In August I got to spend more quality time with my KoD and I totally enjoyed every single minute of it. I blogged about a miscarriage I had had years ago, an article that is read on an almost daily basis, found through search engines. The KoD took me on a Harley ride – exhilarating! I blogged about Socialized Medicine. I loved this post – a visit to the store turns out to be anything but mundane. With lead up to my son’s barmitzvah, I experienced mixed emotions. Squiggy’s barmitzvah was awesome. We were all so proud of him.

September dawned with no visas in sight. I was interviewed for a research project about divorce, which led to me writing about my own experiences at the Bet Din. I ranted about people talking in shul. I attempted to explain my Feminism here. Seems more and more people were upsetting me these days, and I again ranted about being apart from my husband. But then I shared a favourite KoD story. I received this awesome email from a reader that totally made my day. I ‘fessed up to my struggle with insomnia and I wondered if I had misjudged my stepmother. I shared an Immigration Update – not the news we had wanted. And I had more car woes….sigh.

October came around and brought with it our medical appointment for the visas. It also brought out another Parade Pisher. In keeping with the water theme I wrote about the mikvah. Firstly about dipping etiquette, followed by the secret code. I started a new occasional column called My Judaism. Readers can submit their own personal stories. This was the first. We discussed divorce and whether a Get can be rescinded. I also talked about the censorship of books. This month my comment count started to get higher and my daily hits really skyrocketed. I shared another Immigration Update.

November announced its arrival with Swine Flu hitting my house. The KoD and I celebrated the anniversary of when we met. We talked about premarital classes for brides.

Another popular post was Superstitions and Segulahs. I must have been PMS-ing really badly when I wrote this Open Letter to Men. The bad mood continued when I heard women shouldn’t blog, because it isn’t modest.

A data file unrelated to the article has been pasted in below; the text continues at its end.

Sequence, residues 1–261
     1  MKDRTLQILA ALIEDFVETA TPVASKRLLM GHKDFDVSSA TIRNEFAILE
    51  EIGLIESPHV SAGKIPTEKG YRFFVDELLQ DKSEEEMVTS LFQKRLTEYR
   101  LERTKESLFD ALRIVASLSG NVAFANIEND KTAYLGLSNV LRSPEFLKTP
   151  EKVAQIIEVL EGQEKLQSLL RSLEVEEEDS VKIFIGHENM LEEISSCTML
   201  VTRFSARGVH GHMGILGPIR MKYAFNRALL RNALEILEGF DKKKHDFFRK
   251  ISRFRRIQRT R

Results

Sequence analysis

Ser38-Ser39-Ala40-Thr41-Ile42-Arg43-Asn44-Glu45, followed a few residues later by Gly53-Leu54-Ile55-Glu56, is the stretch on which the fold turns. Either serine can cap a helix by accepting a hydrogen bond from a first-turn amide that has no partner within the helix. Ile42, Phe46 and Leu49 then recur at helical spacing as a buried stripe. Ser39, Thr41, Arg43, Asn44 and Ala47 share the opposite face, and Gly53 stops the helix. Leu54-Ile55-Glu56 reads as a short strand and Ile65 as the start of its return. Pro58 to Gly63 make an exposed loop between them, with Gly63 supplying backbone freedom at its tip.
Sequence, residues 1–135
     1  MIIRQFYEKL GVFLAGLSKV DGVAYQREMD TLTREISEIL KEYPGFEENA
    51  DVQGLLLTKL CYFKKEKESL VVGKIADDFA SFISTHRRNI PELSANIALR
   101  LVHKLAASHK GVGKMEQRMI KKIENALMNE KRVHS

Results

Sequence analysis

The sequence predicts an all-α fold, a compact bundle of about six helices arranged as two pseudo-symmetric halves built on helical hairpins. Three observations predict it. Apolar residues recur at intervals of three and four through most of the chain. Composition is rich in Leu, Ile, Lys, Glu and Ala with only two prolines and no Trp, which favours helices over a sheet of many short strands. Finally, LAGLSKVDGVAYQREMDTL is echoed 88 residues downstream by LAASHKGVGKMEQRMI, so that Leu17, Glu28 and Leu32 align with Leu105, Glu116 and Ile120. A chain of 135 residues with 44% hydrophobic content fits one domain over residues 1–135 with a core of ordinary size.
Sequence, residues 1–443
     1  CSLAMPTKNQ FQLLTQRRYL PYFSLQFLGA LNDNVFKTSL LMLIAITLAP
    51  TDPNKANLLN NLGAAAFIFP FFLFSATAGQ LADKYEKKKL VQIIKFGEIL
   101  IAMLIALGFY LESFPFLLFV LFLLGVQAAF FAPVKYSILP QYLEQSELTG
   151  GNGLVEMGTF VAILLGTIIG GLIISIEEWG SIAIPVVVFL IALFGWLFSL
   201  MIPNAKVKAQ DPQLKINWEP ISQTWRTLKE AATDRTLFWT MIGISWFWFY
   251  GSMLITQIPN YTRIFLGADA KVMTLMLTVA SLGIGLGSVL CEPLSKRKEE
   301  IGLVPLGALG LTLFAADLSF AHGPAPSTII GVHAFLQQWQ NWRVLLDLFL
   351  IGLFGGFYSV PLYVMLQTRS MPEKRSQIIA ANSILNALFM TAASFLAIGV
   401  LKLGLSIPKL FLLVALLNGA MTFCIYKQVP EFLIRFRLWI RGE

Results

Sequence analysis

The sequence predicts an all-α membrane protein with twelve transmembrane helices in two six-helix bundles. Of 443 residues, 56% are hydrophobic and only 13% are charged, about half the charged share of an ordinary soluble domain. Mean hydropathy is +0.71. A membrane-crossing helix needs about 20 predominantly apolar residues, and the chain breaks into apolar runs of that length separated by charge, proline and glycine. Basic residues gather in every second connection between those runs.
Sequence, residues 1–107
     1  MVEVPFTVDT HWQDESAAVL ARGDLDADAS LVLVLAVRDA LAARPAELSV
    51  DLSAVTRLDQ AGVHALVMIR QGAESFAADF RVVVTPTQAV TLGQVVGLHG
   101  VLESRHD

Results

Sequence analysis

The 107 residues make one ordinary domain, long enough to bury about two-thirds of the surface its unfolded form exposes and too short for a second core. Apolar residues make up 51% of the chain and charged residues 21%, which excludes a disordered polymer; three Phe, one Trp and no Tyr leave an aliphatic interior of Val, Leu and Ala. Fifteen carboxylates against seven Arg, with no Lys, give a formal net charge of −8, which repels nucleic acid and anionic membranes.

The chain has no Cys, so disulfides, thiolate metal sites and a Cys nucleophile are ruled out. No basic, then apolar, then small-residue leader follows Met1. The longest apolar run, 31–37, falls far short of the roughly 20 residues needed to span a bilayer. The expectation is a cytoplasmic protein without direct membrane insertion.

Coming back into Canada I got stopped and questioned. I also blogged about a GPS that was being passed on to me by the KoD and got my highest number of comments ever (107). Apparently wanting a GPS made me shallow and materialistic. Who knew?! I also blogged about the fact that Moms get no respect.

December brought me the realization that 2009 would end with us still up here in Canada. That didn’t help my mood much. I blogged about Queen Esther possibly being a sexual being. And why that disturbed me. I urged divorced couples to just let the aggravation go and move on with their lives. Another poular post was gleaned from the story of Dina and Shechem – that Dina “asked” to be raped. We also discussed whether its appropriate to show affection in front of children. Chanukah came around and I told you about our Chanukah Miracle. One of my favourite posts from this month was Conversations Over a Grocery Cart. After about the bazillionth comment that was so unnecessary I decided to print up flash cards. I discussed hair covering – always a popular subject.

All in all, there were a lot of ups and downs this year. But through it all my love for the KoD has grown by leaps and bounds, as has his for me. The kids have grown and matured and been totally awesome and annoying and loving and loyal.

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May this next year of 2010 bring us all health and happiness, and 5 brand spanking new visas for us!!

Fitting in